I sometimes dream of what Christmas may have been like for Virginia. I can see her standing tall in a large well lit room. Her top branch adorned with an angel with golden wings that nearly touch the ceiling of the room. Virginia was a little tall for her age, but the family did not seem to notice. They just enjoyed her strong branches that had been decorated with beautiful glass bulbs and soft twinkling lights.

The warm room was filled with the aroma of the long needled pine. The children were surrounded by joys of the season and the warmth of Christmas with family. All this in a room filled by a glow of Christmas lights from my friend Virginia.

On the mantle above the warm fireplace are flickering candles surround by red and white striped candy canes. Seven red stockings were neatly hung alongside the cracking fireplace. One for each family member, including the dog named Sunny.

In the center of the fireplace mantle was a family heirloom that had been handed down from generation to generation in the mother's family.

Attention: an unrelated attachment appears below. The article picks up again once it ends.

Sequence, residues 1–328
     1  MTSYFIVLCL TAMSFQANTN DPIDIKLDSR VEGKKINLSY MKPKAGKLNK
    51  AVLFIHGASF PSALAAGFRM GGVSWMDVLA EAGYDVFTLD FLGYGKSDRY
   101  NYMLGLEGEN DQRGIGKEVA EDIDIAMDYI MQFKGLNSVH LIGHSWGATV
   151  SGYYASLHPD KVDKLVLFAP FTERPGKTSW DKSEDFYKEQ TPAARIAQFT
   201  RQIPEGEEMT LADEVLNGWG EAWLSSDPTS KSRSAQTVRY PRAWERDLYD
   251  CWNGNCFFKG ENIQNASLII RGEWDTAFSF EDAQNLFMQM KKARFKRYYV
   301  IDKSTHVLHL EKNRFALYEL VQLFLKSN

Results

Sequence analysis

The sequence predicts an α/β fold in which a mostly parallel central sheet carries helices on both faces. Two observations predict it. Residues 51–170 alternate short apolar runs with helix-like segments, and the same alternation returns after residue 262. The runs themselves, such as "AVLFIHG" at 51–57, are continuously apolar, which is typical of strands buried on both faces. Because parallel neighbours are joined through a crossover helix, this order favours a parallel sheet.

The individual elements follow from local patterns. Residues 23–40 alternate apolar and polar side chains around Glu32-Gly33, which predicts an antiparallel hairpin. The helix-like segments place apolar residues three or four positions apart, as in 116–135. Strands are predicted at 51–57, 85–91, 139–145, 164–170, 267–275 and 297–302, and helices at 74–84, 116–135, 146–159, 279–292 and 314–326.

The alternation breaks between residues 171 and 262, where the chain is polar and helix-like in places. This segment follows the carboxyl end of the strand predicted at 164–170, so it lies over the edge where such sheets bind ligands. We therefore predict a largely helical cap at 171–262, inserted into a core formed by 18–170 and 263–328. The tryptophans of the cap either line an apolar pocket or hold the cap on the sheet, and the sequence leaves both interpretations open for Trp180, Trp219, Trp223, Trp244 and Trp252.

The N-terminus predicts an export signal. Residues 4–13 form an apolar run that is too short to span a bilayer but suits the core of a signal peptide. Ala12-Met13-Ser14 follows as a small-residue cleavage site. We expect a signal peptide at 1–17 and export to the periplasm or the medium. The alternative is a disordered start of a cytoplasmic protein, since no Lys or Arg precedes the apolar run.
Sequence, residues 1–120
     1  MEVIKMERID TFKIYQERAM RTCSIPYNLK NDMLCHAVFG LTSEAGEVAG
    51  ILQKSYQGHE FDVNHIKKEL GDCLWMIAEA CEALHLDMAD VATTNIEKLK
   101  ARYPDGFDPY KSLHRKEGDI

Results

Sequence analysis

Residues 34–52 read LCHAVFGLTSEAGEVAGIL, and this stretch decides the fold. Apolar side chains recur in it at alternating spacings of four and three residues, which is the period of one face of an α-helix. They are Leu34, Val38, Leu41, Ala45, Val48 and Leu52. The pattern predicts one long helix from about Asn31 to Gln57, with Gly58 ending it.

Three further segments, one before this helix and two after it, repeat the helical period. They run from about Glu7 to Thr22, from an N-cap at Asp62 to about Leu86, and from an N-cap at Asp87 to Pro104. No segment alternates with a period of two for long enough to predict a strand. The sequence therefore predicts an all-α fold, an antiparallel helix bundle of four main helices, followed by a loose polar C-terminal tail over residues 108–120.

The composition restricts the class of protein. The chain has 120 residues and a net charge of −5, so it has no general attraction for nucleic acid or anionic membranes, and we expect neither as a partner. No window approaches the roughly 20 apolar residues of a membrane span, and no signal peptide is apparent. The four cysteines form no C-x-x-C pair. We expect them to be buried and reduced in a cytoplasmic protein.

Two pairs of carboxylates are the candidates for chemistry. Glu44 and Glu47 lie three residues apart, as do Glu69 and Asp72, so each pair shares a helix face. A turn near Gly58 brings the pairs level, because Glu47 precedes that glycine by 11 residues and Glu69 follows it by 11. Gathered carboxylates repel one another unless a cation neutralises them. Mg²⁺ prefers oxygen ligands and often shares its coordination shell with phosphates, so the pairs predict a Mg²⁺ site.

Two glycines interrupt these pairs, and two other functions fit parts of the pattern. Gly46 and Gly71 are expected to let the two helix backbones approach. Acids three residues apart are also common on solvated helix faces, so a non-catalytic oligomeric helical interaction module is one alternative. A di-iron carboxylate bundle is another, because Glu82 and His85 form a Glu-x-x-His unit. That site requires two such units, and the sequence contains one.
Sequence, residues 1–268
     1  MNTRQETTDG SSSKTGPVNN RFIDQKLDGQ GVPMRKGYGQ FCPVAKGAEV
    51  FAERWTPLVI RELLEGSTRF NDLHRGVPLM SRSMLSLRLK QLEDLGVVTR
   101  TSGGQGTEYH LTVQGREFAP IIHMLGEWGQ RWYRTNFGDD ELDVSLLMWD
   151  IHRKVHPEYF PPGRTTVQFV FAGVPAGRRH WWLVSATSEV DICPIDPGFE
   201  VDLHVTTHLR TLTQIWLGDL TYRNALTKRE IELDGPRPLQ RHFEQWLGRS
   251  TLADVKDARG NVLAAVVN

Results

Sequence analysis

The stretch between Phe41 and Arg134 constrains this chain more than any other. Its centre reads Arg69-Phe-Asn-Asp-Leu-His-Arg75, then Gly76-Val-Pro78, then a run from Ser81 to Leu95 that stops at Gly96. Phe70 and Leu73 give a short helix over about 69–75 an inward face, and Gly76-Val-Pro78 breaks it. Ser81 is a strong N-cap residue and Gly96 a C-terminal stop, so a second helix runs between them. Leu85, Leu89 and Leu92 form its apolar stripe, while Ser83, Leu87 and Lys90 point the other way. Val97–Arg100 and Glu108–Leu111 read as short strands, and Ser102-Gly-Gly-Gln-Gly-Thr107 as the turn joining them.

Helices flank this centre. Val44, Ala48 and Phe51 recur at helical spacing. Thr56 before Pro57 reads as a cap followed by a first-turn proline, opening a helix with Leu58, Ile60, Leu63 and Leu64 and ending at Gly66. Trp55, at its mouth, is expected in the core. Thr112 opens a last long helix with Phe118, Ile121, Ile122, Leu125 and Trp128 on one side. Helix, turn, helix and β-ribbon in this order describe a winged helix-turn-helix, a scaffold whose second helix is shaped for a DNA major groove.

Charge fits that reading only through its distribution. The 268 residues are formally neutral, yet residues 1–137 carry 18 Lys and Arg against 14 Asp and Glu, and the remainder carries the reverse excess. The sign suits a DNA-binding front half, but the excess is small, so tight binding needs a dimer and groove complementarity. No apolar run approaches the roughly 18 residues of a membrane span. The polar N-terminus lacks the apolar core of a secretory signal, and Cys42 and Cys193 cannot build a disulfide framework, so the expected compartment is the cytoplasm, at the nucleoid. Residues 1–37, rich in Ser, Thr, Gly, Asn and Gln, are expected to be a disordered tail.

It was a nativity set. The small porcelain figures had lost their shine with the passing of time. The donkey's left ear was missing and one of the sheep had lost one of its legs. The father would always prop the sheep up against one of the wise men to help it stand.

In the center of the small wooden building was a manger filled with soft white cotton. Gently cradled in the center was a baby.

Each Christmas eve it was the family custom to gather round the father as he reminded the family of the true meaning of Christmas. I am proud Virginia will be part of that special moment with the family. I miss Virginia. I miss the rabbits.